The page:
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All sober inquirers after truth, ancient and modern, pagan and Christian, have declared that the happiness of man, as well as his dignity, consists in virtue. Confucius, Zoroaster, Socrates, Mahomet, not to mention authorities really sacred, have agreed in this. If there is a form of government, then, whose principle and foundation is virtue, will not every sober man acknowledge it better calculated to promote the general happiness than any other form?
Fear is the foundation of most governments; but it is so sordid and brutal a passion, and renders men in whose breasts it predominates so stupid and miserable, that Americans will not be likely to approve of any political institution that is founded on it.
–John Adams, Thoughts on Government (1776) in: The Political Writings of John Adams, p. 85 (G.A. Peek, Jr., ed. 2003)
More from Scott Horton:
Six Questions — October 18, 2014, 8:00 pm
Nathaniel Raymond on CIA interrogation techniques.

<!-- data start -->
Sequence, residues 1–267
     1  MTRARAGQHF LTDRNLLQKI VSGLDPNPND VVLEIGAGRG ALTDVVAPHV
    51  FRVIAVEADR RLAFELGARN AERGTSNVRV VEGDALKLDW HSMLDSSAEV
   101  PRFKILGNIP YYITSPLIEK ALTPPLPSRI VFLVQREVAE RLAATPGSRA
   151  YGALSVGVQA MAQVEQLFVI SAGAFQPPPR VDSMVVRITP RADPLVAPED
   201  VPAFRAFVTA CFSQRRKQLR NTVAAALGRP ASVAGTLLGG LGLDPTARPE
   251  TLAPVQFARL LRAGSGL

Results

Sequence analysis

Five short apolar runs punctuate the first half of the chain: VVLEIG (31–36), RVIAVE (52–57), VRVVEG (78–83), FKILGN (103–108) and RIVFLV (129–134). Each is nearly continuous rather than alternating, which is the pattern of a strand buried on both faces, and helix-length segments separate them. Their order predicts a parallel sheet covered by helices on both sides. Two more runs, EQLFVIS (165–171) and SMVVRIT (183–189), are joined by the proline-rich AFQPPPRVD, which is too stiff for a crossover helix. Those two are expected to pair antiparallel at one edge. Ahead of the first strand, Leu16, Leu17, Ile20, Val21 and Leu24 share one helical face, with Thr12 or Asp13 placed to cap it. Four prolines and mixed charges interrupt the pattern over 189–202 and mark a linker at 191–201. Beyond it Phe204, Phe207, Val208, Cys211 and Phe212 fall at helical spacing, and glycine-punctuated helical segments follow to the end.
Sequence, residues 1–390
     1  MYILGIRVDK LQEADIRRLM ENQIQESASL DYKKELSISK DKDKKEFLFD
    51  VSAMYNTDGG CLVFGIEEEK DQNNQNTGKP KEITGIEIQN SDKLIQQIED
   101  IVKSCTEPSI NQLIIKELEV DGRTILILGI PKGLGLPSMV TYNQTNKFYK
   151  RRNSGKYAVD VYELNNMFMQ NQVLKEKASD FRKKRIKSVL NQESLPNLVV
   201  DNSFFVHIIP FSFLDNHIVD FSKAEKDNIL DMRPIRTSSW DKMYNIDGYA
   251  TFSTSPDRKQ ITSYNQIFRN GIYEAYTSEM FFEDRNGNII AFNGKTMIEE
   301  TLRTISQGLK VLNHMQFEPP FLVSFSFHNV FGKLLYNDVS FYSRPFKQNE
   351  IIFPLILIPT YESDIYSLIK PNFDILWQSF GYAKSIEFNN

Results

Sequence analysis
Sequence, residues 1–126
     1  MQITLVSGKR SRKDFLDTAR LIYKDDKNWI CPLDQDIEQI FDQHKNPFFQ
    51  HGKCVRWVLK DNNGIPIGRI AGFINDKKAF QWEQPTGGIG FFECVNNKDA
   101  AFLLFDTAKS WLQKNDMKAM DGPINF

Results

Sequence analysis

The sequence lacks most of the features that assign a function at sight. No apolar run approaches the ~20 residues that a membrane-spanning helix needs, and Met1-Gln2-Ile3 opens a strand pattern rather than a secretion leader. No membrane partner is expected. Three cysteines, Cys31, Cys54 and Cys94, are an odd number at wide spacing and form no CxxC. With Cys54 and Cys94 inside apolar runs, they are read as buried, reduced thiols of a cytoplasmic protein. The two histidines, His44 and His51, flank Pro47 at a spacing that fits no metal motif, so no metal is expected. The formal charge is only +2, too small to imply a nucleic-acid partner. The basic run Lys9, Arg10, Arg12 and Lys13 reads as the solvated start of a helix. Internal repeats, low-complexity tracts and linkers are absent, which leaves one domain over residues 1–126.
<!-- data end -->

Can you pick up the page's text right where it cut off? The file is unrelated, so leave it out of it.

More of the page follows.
Mark Denbeaux on the NCIS cover-up of three “suicides” at Guantánamo Bay Detention Camp
From the June 2014 issue
Percentage increase in the annual number of polio cases in Pakistan since 2005:
A bowl of 4,000-year-old noodles was found in northwestern China; and a spokesman for the Chinese Academy of Sciences said that “this is the earliest empirical evidence of noodles ever found.”
A federal judge sentenced the journalist Barrett Brown to 63 months in prison for sharing a link to information stolen from the private-intelligence firm Stratfor by a hacker in 2011. “Good news!” Brown said in a statement. “They’re now going to send me to investigate the prison-industrial complex.”
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“I hope that after reading the following pages the leaders of the Y. M. C. A. will start a campaign to induce good young men to do nothing. If so, I shall not have lived in vain.”